If the U.S. were to ramp up its counterattacks on countries it thinks are sponsoring hackers that breach American accounts, don’t expect a sci-fi digital armageddon…. Think of it more as a creeping worry that simple things we rely on can’t be trusted — the machines that count our votes, the total on our bank balance, our personal digital files.
In a hot cyber war, the first line of attack would not be like on Star Trek, with spectacular bursts of sparks flying out of computers. Instead it would be a stealth attack on the enemy’s military command and control infrastructure, to keep it from being able to strike, said Matt Devost, managing director of Accenture Security and a special government advisor to the U.S. Department of Defense.
A higher level of escalation involves damaging critical infrastructure. This has already happened.
Russian launched a cyber attack against the Ukrainian power grid in 2015, according to U.S. officials. The attacks caused power outages in 103 cities and towns in the nation. Russia had been involved in military clashes with Ukraine over the Crimea.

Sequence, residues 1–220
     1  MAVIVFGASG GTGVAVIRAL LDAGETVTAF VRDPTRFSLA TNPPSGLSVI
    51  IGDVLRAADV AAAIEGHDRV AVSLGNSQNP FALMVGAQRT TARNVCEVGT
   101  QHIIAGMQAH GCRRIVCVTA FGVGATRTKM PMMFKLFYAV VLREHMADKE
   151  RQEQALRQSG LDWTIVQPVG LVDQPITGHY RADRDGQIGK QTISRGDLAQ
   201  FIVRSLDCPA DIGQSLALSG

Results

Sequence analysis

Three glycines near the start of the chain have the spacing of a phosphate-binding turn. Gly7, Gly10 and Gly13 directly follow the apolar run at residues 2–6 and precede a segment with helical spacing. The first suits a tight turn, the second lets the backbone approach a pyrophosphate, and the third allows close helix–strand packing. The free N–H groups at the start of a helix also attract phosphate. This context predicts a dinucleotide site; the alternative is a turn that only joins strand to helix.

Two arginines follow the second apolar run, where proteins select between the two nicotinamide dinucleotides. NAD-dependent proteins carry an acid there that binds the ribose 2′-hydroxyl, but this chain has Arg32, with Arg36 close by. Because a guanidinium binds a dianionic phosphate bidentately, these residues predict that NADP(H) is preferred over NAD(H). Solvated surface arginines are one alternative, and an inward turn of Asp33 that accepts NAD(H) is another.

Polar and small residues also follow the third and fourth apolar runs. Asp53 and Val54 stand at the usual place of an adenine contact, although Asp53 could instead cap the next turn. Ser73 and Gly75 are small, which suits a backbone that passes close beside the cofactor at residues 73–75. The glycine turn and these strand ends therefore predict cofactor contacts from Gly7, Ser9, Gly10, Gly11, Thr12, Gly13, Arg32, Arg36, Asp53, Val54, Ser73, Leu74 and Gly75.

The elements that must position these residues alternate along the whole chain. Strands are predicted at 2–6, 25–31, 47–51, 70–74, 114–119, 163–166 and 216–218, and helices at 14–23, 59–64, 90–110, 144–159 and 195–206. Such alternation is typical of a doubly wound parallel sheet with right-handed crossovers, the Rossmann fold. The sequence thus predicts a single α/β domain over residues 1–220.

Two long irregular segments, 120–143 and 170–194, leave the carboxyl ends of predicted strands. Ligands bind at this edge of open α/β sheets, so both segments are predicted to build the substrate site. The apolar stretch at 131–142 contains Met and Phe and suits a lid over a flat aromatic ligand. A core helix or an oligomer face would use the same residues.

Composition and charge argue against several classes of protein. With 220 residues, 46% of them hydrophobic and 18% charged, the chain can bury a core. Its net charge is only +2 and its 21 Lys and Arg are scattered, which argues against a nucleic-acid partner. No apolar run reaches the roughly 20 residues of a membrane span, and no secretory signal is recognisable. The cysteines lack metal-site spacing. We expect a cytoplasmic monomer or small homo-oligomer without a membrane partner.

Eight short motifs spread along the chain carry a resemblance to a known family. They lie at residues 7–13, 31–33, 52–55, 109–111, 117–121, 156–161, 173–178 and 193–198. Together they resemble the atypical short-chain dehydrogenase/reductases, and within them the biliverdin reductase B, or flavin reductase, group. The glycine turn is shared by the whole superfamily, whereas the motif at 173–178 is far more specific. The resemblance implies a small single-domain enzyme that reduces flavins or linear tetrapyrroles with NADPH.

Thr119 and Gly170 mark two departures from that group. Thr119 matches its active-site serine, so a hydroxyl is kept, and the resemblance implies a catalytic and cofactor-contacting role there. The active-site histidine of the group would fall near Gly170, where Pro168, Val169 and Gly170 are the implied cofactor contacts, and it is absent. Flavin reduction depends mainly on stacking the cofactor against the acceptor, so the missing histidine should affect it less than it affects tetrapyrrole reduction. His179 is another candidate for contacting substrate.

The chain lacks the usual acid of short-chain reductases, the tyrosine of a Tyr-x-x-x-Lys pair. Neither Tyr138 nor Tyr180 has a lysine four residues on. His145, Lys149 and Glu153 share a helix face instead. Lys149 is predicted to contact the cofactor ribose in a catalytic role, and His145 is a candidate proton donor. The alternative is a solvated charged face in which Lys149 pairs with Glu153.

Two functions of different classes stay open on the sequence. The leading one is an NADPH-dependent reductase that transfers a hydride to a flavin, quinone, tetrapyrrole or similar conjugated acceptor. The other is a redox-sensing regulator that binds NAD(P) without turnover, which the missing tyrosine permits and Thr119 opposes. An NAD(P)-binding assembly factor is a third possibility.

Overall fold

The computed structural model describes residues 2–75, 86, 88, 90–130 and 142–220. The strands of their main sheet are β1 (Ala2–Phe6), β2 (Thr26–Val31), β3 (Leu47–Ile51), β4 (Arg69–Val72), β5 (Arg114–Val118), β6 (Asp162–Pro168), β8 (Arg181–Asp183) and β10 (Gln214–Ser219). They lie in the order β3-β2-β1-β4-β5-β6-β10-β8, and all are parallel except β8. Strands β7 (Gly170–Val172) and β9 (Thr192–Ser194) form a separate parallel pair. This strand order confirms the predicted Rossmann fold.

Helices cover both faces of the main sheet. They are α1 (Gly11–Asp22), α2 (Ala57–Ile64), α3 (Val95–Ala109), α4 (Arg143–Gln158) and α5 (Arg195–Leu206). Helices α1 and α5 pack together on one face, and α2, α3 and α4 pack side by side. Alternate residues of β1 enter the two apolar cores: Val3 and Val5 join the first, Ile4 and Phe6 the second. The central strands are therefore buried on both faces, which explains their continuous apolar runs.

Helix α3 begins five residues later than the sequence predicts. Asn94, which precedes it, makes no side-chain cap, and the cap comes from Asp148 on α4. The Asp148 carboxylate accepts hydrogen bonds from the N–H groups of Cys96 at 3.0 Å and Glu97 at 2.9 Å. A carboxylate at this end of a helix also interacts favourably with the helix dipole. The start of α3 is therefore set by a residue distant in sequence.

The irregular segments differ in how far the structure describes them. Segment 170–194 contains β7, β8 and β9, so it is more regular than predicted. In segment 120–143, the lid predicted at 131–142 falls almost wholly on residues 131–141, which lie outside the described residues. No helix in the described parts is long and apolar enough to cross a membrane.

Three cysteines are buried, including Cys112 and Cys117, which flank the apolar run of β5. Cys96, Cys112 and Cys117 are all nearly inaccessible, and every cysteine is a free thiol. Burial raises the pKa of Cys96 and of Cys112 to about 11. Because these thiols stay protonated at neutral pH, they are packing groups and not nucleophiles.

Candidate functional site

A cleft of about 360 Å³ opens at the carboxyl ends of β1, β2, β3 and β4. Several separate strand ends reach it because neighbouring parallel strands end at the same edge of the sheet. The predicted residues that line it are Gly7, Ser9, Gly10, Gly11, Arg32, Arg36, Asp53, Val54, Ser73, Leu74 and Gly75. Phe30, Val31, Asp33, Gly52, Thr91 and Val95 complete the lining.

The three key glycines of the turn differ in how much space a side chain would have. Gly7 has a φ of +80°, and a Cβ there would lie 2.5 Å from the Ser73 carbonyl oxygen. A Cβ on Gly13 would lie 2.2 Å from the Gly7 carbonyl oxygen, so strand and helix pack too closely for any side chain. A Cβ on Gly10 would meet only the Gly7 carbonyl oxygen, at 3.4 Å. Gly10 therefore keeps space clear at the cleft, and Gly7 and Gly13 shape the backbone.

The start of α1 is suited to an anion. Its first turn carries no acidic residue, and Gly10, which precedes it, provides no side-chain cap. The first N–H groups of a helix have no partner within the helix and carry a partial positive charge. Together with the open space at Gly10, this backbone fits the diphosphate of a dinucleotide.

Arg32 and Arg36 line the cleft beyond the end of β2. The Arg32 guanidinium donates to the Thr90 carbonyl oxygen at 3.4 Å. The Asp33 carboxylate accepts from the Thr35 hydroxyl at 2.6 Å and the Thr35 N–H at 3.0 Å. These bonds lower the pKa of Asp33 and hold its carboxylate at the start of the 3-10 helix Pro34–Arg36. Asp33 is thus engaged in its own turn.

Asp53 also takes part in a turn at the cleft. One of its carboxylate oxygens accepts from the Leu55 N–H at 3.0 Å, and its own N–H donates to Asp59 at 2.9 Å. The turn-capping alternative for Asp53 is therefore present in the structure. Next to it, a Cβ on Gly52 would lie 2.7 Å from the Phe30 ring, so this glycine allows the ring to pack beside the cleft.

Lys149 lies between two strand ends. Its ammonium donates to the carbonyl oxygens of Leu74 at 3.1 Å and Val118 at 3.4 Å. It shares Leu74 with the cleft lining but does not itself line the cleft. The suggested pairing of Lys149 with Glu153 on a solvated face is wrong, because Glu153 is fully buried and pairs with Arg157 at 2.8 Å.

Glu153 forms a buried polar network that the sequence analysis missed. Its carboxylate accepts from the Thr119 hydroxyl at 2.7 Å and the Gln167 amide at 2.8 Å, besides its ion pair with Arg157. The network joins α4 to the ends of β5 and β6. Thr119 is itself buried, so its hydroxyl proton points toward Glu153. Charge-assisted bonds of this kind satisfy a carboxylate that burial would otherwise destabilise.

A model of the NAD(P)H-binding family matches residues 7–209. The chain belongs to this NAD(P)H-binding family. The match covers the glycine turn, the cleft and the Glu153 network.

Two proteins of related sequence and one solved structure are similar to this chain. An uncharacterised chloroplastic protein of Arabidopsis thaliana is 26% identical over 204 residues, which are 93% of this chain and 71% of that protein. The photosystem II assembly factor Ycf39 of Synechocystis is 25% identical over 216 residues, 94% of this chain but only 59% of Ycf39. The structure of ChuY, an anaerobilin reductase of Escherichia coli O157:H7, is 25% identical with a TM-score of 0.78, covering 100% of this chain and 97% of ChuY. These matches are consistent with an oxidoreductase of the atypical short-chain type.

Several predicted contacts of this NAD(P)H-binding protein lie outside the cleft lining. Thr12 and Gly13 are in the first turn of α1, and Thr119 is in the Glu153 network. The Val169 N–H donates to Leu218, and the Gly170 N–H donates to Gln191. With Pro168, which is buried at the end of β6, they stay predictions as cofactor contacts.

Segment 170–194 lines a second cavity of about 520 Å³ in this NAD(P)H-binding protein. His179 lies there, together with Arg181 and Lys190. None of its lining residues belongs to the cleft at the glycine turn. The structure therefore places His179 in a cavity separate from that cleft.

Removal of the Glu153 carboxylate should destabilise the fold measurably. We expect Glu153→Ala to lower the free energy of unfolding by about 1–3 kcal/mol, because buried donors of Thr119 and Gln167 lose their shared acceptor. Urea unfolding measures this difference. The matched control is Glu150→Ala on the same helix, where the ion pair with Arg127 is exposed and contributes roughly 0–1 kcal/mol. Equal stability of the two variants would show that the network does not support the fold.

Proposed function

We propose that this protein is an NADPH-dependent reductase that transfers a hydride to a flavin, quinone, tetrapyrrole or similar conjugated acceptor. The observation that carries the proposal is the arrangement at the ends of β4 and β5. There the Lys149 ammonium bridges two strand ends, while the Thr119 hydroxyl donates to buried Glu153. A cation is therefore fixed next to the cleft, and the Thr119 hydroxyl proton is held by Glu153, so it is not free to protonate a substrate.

A computer virus believed to be the work of Israel and the United States disabled a critical part of Iran’s nuclear weapons program in 2010.
Multiple government websites in Estonia, one of the most wired nations on earth, were crashed in 2007. The country’s foreign minister accuses Russia of being behind the attacks in retaliation over Estonia’s move away from the Russian sphere of influence.